• It is sometimes desirable to aggregate or compress individual files to a single file using a compression utility, although the advisability of this practice varies depending on the intended destination repository.
    • For long-term preservation the preferred file format should be non-proprietary (open) and persistent, such as PDF, Plain text, TIFF, FLAC, CSV or XML (see also extended list of formats from DANS or from 4TU.ResearchData).

    Other issues

    • Rights on data: In most cases the University of Twente is right holder of data from research carried out by UT staff. The RDM policy UT (section 3, paragraph ‘Data archiving’) should be taken into account. In other cases, check IP right holder(s), copyright, patent and/or database rights.
      For more information and support, contact Novel-T.
    • Costs: Preparing for the preservation of research data may need financial resources to cover  costs for selecting, converting, preserving and making the data available. You can find more information here.
    • FAIR Data Fund: 4TU.ResearchData offers researchers from TUDelft, TUEindhoven and University of Twente a budget (up to €3.500) to cover the costs of making their data Findable, Accessible, Interoperable and Reusable (FAIR principles). You can find more information here.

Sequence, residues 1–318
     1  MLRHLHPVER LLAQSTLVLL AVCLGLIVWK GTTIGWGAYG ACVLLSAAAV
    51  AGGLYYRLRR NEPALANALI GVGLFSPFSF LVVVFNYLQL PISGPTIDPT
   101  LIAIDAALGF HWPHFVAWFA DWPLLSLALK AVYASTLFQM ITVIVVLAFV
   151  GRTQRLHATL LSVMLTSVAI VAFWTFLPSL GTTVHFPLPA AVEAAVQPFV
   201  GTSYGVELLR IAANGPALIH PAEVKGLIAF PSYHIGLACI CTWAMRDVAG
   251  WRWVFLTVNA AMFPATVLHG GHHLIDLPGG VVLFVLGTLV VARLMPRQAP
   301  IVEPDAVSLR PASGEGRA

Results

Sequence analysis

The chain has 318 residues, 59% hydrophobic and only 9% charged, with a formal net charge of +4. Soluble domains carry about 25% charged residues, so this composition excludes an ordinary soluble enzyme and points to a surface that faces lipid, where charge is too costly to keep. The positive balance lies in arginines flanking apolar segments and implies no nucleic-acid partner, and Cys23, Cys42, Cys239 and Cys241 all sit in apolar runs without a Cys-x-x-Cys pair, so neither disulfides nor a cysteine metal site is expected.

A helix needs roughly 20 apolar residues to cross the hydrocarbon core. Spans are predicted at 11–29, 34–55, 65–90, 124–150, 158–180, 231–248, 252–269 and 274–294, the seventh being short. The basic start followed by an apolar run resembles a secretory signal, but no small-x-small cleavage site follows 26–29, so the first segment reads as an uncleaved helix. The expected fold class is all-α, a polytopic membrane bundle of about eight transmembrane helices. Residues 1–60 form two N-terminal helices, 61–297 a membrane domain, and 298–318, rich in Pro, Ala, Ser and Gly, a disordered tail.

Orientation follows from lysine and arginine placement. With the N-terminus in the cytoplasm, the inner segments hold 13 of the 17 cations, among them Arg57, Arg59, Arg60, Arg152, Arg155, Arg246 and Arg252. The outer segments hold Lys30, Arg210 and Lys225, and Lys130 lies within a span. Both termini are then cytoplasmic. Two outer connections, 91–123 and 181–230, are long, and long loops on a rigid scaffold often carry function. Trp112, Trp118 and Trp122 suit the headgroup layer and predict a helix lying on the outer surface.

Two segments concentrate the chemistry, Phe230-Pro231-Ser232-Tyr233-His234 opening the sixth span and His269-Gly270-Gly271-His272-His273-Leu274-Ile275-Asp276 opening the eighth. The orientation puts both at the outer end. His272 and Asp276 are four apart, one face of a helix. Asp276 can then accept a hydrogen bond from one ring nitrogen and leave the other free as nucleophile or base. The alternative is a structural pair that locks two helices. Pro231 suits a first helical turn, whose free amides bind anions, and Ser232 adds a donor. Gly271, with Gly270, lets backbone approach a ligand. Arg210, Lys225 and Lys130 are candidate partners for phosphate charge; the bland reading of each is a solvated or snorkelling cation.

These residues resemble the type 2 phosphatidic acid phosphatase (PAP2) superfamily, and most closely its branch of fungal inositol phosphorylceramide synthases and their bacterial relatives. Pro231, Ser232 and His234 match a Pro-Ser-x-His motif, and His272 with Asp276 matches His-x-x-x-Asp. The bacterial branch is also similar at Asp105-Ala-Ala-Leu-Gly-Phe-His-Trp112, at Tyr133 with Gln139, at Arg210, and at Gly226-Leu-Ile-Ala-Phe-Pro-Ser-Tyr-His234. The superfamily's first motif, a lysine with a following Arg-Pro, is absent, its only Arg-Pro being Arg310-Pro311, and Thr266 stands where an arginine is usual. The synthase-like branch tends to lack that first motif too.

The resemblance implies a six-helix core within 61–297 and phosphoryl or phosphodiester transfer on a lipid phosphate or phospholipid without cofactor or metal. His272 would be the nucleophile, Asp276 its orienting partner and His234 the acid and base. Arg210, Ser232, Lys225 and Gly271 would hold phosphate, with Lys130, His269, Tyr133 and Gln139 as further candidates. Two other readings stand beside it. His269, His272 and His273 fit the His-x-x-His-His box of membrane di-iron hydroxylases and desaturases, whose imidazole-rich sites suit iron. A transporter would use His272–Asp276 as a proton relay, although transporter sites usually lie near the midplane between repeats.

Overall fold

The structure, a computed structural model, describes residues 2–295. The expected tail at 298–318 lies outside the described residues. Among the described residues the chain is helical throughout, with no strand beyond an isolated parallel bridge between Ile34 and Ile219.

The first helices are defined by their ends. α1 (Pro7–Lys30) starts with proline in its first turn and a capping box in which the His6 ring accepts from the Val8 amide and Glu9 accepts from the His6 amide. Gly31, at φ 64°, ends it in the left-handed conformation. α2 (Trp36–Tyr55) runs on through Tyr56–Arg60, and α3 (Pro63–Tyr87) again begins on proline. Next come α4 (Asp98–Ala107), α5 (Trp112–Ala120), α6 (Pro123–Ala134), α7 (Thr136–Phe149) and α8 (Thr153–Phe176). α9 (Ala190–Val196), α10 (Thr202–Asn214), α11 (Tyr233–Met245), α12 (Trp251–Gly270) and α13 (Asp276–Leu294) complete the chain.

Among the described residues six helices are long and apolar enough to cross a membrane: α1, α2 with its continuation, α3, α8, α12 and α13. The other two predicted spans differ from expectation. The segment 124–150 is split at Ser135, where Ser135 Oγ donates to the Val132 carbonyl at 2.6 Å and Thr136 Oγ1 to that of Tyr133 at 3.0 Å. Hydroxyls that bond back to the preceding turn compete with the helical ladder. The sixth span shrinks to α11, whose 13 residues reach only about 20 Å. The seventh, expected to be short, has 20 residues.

* Based on University of Utrecht Research Data Management Support, Storing and preserving data (

  • Publishing data and enhancing your publications

    To publish your data, simply deposit them in a trusted repository. One of the crucial services of a trusted repository, such as 4TU.ResearchData or DANS, is the issuing of a persistent identifier, which guarantees sustainable access to your data. Watch this video about Persistent identifiers and data citation explained (Research Data Netherlands).

    Once you have published your data, you can enhance your publication(s). This process is two-fold: You need to let your dataset refer to your article(s), and vice versa.

    Both 4TU.ResearchData and DANS offer the possibility to include a reference to your published article(s). This reference will be part of the metadata describing your data. If permitted by the copyright holder, DANS will archive your publication(s) along with the accompanying dataset.

    For upcoming articles, please make sure that your data reference is included in the reference list of your article. We also recommend mentioning this reference in your cover letter, so reviewers can verify your research. For published articles, please contact the publisher and request a link to your data to be displayed online, along with the description of your article.

  • Registering your data in Pure

    In order to offer an overview of final data sets available at the UT, you are expected to register your data set(s) in Pure research information. Make sure to do this before the end of your research project.